In turn, low-income defendants stretched thin by the economic crisis would have to turn to being assigned to private lawyers with costly hourly rates that will still have to be paid for by the city.
Adachi told the Guardian that the marijuana possession cases at the CJC represent the benign types of cases squeezing his office dry, and that Newsom still has not provided Adachi with the two lawyers he promised to handle CJC cases. Newsom's spokesperson, Nathan Ballard, would not comment on the cases going to the CJC, telling the Guardian, "I'm not going to play along."
Bruce Mirken, communications director of the Marijuana Policy Project, sees San Francisco's use of scarce resources for marijuana cases as parallel to state and federal policy. "In a sense, it's a small piece of a larger puzzle, which is that we waste billions and billions of dollars every year in tax money that could be being used for schools, roads, healthcare, etc. in arresting and prosecuting people for possession of a drug that's safer than alcohol. It's just crazy, it's pointless, and every dollar spent on it is a dollar wasted particularly when government is strapped for cash and cutting vital services to try to balance the budget."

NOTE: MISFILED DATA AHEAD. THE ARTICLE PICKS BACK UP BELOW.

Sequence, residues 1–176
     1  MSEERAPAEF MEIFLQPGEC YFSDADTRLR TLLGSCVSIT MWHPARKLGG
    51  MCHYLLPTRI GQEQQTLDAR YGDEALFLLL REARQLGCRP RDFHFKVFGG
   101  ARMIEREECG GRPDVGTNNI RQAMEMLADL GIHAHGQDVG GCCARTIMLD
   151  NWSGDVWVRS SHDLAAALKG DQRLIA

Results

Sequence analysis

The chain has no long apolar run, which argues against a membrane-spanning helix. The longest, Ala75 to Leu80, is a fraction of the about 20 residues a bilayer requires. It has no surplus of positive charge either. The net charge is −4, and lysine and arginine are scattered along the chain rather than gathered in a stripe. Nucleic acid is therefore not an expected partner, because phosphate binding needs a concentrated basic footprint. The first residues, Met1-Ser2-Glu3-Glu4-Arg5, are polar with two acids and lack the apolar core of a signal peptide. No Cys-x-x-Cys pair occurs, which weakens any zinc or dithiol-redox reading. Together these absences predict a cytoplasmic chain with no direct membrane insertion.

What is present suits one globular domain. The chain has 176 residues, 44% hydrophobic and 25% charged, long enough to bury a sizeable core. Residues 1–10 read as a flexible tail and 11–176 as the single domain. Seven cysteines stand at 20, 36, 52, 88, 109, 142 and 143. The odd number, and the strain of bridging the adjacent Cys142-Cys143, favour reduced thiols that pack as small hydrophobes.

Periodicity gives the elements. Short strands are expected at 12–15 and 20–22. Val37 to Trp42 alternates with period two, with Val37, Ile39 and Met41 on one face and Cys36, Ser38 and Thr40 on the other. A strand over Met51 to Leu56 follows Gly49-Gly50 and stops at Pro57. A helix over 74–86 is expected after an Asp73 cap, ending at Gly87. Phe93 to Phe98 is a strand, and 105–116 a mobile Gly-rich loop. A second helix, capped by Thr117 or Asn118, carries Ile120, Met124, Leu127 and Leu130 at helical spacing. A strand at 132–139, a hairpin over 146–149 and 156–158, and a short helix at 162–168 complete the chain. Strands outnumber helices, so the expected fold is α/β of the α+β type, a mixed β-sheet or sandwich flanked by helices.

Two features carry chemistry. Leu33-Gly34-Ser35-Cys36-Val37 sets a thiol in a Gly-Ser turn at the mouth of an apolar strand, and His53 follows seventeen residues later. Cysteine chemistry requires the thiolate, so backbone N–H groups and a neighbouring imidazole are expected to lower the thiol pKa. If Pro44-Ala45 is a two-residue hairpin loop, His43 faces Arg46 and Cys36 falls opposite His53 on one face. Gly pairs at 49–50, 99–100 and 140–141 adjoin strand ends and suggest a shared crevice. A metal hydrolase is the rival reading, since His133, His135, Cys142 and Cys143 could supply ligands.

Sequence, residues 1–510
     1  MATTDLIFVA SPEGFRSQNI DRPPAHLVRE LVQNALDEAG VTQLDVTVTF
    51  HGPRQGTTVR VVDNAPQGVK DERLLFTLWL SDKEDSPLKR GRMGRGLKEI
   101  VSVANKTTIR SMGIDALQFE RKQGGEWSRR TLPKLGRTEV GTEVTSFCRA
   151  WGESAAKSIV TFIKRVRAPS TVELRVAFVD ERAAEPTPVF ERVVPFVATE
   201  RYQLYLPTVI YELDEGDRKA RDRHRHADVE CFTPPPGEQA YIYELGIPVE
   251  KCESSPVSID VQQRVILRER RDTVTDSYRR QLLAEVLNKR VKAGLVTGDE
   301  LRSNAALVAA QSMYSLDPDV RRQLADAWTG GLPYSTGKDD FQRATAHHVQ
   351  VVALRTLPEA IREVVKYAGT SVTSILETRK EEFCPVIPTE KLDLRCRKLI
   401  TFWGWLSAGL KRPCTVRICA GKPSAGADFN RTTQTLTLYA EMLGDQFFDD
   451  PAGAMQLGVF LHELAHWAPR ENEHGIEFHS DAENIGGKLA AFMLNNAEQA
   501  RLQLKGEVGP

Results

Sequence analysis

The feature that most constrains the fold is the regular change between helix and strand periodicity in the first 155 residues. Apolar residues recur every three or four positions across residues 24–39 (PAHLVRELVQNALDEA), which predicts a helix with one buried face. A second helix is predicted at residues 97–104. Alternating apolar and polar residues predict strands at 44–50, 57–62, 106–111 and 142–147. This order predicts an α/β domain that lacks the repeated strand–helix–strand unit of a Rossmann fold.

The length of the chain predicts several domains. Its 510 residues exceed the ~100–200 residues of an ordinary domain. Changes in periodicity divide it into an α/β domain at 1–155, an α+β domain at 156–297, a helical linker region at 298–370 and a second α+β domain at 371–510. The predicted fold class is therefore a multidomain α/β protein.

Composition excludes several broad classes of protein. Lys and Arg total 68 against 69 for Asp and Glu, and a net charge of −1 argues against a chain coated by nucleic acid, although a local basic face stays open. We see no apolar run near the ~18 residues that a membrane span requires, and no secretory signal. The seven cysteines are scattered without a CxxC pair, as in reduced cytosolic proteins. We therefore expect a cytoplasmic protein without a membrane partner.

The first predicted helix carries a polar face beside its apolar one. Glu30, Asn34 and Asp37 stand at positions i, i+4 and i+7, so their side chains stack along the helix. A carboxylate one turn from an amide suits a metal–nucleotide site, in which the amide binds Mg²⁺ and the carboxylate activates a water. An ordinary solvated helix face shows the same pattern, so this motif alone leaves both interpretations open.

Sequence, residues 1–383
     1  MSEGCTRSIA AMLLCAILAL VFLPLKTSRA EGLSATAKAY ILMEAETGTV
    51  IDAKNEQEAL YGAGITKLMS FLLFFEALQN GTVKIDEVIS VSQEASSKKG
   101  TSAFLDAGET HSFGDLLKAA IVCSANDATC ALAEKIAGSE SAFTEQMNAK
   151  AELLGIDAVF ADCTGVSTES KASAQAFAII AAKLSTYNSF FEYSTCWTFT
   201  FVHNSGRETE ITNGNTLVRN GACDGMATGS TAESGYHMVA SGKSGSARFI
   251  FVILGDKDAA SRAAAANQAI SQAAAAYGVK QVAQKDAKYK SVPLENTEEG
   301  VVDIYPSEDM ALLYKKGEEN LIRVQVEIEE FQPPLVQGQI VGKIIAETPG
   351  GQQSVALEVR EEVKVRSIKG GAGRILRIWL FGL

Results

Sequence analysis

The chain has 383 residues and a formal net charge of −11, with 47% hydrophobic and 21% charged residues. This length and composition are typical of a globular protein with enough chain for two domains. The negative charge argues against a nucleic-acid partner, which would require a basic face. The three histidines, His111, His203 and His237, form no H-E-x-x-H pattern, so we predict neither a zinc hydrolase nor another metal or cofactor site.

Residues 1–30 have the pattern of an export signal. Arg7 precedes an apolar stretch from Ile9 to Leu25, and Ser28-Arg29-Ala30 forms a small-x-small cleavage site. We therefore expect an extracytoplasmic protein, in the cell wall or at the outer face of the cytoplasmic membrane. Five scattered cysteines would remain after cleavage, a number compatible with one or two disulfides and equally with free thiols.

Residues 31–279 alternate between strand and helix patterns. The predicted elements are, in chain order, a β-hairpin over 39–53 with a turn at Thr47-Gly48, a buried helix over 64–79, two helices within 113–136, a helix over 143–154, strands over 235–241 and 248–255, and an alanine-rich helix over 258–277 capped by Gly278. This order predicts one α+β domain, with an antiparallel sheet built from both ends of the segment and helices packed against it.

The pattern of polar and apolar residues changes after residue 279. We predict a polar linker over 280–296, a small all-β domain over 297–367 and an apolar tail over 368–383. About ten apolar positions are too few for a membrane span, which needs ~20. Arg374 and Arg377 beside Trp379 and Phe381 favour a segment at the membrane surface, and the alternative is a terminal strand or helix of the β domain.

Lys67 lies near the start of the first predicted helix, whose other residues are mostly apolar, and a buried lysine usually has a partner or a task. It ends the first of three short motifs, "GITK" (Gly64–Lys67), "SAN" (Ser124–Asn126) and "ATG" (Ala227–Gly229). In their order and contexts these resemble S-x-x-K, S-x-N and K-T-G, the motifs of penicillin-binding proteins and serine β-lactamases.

The city and state continue to reassess their marijuana regulations and enforcement on a broader scale. In April, Sup. Ross Mirkarimi proposed legislation allowing the city to sell medical marijuana through the Department of Public Health. And in March, Assembly Member Ammiano began pushing for the state to legalize and tax marijuana.
In the meantime, the CJC, the District Attorney's Office, and the Public Defender's Office are still stretching their resources to handle small possession of marijuana cases cited by Tenderloin police station in spite of the city's stated priorities. And homeless individuals continue to get cited for quality of life violations while city workers providing social services see their budgets running dry.